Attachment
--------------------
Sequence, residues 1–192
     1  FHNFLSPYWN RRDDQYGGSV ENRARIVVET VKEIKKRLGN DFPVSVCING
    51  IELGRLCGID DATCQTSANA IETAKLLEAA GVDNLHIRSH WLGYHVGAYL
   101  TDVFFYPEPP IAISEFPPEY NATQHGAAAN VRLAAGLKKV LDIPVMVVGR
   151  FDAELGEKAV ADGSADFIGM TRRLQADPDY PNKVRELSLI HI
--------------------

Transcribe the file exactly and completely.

Sequence, residues 1–192
     1  FHNFLSPYWN RRDDQYGGSV ENRARIVVET VKEIKKRLGN DFPVSVCING
    51  IELGRLCGID DATCQTSANA IETAKLLEAA GVDNLHIRSH WLGYHVGAYL
   101  TDVFFYPEPP IAISEFPPEY NATQHGAAAN VRLAAGLKKV LDIPVMVVGR
   151  FDAELGEKAV ADGSADFIGM TRRLQADPDY PNKVRELSLI HI